"The William Desmond Taylor Case"

By William Thomas Sherman
Excerpted from Mabel Normand: A Source Book to Her Life and Films; revised edition
Copyright 2000 William Thomas Sherman

Part IV

The Credibility of Howard Fellows

It has been taken for granted by most scholars that the late arriving testimony of crucial witness Howard Fellows, brother of Lasky employee Harry Fellows, is not to be doubted. Fellows' testimony is critical because it supposedly places almost exactly when the murder was to have taken place. I s it possible, however, that Fellows, as part of a cover-up, was lying? Harry Fellows, his brother, was one of those who, along with Charles Eyton, searched Taylor's bungalow the morning of Feb. 2. (11)

From The Los Angeles Examiner, February 8, 1922:
"Declaring that he called William D. Taylor at 7:55 o'clock Wednesday night and receiving no answer, went to the apartment of the film director. Arriving there at 8:15 o'clock, rang the doorbell and still met with no response, Howard Fellows, chauffeur for the murdered director, last night definitely fixed the time within which the crime must have been committed and added facts regarded as of first magnitude importance in their bearing upon the crime.

"Strangely enough, this young man, who had been Taylor's driver for nearly six months, had not been questioned at length until yesterday, when an Examiner representative called on him at his home, 1622 Shatto Place. He is brother of Harry Fellows, who was Taylor's assistant director.

"Yesterday Detective Sergeant Tom Zeigler took Howard to the Taylor home, 404-B South Alvarado Street. He was partially identified by a resident of the neighborhood as the person he had seen seated in a car on the night of the murder near the scene of the crime and about the time it was committed.

"Fellows denied this and convinced Zeigler that the man was mistaken."

"One of Fellows' most interesting statements, other than that relating to his movements and observations on the night of the assassination, had to do with an alleged quarrel between Taylor and Mabel Normand.

"'I was driving Mr. Taylor and Miss Normand from the Ambassador Hotel where they had attended a New Year's Eve party, to her home,' said Fellows. On the way they had a quarrel. I don't know what it was about, but both were very much excited. Mr. Taylor took Miss Normand home and then returned to his apartment. Upon arriving there he broke down and wept. On the following morning he did up some jewelry in a package and took it to Miss Normand at her home.' Henry Peavey, Taylor's colored valet, confirms this.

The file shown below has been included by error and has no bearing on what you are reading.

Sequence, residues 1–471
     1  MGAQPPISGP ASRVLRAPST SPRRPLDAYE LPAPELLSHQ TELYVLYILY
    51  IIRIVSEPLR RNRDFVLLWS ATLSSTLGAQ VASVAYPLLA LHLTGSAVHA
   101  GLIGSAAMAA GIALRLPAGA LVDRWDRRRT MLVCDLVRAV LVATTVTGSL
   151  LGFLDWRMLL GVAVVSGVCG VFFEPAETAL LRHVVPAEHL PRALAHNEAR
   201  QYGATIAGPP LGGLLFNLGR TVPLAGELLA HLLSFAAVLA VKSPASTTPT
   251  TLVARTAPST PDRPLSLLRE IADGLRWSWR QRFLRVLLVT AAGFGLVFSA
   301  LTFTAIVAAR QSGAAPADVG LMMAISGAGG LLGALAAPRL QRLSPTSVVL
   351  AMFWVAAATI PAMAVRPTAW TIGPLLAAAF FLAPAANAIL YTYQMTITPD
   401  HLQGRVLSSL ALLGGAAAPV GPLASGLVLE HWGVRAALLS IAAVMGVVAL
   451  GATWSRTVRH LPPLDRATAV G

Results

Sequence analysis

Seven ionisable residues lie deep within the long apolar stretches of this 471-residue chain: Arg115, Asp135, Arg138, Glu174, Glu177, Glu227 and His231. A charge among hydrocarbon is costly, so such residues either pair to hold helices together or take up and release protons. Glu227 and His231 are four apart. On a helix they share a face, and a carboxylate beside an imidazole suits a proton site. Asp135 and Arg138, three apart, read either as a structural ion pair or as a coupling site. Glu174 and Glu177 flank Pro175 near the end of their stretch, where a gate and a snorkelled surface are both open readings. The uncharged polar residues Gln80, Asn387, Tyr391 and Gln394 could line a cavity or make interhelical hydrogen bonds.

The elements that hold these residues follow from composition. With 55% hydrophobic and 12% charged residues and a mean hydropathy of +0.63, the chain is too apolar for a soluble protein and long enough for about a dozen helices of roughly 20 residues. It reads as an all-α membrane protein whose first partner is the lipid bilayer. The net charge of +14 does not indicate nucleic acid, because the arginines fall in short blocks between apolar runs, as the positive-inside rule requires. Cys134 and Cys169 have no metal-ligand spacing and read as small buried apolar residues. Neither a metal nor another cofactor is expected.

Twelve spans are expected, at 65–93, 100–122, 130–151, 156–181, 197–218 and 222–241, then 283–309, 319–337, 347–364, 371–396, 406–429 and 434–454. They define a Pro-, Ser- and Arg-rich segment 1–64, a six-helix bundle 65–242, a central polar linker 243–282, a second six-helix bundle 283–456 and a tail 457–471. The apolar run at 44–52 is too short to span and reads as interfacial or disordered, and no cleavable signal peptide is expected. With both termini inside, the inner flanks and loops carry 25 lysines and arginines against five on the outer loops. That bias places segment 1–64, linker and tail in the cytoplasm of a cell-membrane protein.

"'Mr. Taylor and Miss Normand were very affectionate,' continued Fellows. Questioned independently, Peavey said Taylor often caressed her.

"As to these matters Fellows spoke casually, but when he entered upon the events of the night of February 1, his narrative became astounding both as to its content, and because he never told it before.

"'I left the house (Mr. Taylor's) about 4:30 Wednesday afternoon," Fellows began. Mr. Taylor told me he might be going out in the evening and instructed me to be sure to telephone by 7:30. I went to the home of a young lady friend and was there until 7:55. I recall the time accurately because I had it on my mind to call Mr. Taylor and ask him if he would need the car. I called him two or three times before that hour, but received no reply. I left the house of my girl friend at five minutes to eight and drove directly to Mr. Taylor's. I reached there about quarter past eight. There was a light in the living room. I was surprised that Mr. Taylor should be home and not have answered the telephone.

"'I rang the doorbell. Silence. I rang again. Still, no response. I must have rung three or four times. Then I concluded: `Well, he has some one there and doesn't want to answer. So I put up the car, I was around back of the house, and it is peculiar that persons in the neighborhood should have heard me walking and not have heard me put up the car. I made a good deal of noise doing this, as the garage is difficult to get into, and I guess I must have backed the car up four or five times. I am satisfied that I am the man Mrs. Douglas MacLean saw standing on the porch and leaving the house, I wore a cap and a raincoat. I noticed no cars in the immediate vicinity and saw no one who aroused my suspicions. Naturally, I am convinced that both when I phoned and when I rang the doorbell, Mr. Taylor was lying there on the floor murdered.'